The Why of Story Telling
Why is story telling so important? What is the equivalent of the nature vs. nurture analysis when applied to story telling?
I can see that through the ages, and particularly prior to the written word or books, stories/ myths/ legends were the ways in which human and cultural knowledge and history was passed through the ages.
I can see that it had practical uses that served its purposes. Whether providing warning of dangers or advising of best practices. Or merely for entertainment.
But why is it still so powerful? Companies are advised to tell their story. Brand advisers and advertising executives go back through the annals of the corporate histories to find the stories and put them central to the brand or product messaging. And it works. As an individual you engage with that company or product because of an historical or projected story that it weaves.
Client pitches or proposals invariably have a section for the story of the company. The ‘About’ sections of corporate websites are heavily trafficked as people strive to found the company in place, time and events.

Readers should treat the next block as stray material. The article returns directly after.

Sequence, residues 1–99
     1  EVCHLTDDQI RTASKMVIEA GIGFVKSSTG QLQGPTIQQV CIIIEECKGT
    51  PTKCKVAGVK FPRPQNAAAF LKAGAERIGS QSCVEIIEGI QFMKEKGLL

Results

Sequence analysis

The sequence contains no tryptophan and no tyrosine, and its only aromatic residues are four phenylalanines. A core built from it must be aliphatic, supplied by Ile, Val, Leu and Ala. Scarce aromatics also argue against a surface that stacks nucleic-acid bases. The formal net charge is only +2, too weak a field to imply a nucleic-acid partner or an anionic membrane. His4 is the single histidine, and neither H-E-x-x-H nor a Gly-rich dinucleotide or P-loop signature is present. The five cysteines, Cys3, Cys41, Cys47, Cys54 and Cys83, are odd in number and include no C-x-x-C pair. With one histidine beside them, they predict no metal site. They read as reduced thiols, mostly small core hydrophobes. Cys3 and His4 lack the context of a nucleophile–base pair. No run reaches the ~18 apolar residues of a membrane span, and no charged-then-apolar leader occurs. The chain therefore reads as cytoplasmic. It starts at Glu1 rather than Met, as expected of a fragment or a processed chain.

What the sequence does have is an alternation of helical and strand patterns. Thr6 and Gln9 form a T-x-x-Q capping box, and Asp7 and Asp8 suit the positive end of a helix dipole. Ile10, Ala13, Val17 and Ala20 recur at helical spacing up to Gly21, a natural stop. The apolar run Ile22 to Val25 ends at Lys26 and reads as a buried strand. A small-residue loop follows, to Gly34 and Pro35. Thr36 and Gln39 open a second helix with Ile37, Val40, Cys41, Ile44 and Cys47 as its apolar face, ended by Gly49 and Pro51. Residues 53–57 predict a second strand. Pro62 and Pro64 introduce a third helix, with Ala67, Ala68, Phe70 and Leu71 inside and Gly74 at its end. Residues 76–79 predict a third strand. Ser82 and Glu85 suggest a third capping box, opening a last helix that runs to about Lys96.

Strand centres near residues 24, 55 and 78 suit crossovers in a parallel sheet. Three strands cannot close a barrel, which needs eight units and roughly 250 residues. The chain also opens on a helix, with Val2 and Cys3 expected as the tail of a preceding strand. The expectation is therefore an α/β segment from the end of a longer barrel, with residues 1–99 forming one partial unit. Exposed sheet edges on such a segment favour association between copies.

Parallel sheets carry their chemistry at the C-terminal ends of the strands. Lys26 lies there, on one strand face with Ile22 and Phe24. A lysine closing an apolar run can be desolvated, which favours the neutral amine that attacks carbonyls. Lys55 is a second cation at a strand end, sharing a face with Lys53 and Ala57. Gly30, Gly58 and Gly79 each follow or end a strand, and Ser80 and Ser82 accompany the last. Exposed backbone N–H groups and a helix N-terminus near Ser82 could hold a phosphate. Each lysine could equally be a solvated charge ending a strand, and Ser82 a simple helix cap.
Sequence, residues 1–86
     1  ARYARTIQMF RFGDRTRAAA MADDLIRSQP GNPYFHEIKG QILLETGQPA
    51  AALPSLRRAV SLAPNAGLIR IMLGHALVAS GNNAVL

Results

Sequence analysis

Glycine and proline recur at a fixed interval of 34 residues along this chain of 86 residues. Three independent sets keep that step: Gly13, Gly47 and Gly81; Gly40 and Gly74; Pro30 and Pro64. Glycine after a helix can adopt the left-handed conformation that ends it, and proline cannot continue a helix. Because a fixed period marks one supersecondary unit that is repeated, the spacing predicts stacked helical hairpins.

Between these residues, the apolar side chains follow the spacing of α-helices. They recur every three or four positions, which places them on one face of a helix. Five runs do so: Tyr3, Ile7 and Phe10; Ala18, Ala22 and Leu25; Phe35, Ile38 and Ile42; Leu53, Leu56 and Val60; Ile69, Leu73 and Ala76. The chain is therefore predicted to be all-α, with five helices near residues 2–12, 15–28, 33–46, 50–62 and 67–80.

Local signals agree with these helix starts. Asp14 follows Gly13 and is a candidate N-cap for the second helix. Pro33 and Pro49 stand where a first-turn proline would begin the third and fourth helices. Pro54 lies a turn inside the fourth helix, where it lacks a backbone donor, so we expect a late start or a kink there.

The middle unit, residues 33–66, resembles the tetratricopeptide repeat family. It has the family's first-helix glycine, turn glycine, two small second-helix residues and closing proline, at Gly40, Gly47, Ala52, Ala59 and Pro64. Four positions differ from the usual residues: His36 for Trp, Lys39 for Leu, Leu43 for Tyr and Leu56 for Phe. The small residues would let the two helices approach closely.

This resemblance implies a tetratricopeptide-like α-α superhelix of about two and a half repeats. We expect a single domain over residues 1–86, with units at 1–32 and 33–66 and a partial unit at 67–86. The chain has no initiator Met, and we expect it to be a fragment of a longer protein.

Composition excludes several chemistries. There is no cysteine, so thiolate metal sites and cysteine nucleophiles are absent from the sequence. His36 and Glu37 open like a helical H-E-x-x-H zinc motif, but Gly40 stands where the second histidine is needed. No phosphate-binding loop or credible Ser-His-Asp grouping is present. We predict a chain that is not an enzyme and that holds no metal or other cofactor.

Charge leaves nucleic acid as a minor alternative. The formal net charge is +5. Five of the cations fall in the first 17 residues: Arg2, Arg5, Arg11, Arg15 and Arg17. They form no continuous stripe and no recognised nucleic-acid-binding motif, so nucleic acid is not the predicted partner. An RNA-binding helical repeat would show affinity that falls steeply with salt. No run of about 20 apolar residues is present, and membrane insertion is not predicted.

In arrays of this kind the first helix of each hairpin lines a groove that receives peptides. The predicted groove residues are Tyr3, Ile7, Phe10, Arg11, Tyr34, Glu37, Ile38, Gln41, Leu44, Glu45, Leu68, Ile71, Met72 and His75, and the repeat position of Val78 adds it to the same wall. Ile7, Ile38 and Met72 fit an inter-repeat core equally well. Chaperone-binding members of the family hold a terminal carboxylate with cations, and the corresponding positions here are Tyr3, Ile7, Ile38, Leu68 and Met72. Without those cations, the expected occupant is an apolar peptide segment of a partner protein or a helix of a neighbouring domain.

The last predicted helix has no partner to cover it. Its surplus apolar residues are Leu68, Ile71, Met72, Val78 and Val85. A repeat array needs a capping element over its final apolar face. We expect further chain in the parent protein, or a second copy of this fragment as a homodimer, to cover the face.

Leaders are now advised to find their story too. It helps provide a hook into the real person rather than the faceless executive; both for their company and the people who work for it, and the media.
What is it in our nature that that requires this comfort? Is it a ‘knowing’ and ‘trust’ thing? Does somebody or something’s story enable us to create a fuller map of that individual or corporate? Something that we can then work on and from in building a relationship into the future.
Whatever it is, it’s powerful and without it you’re missing out.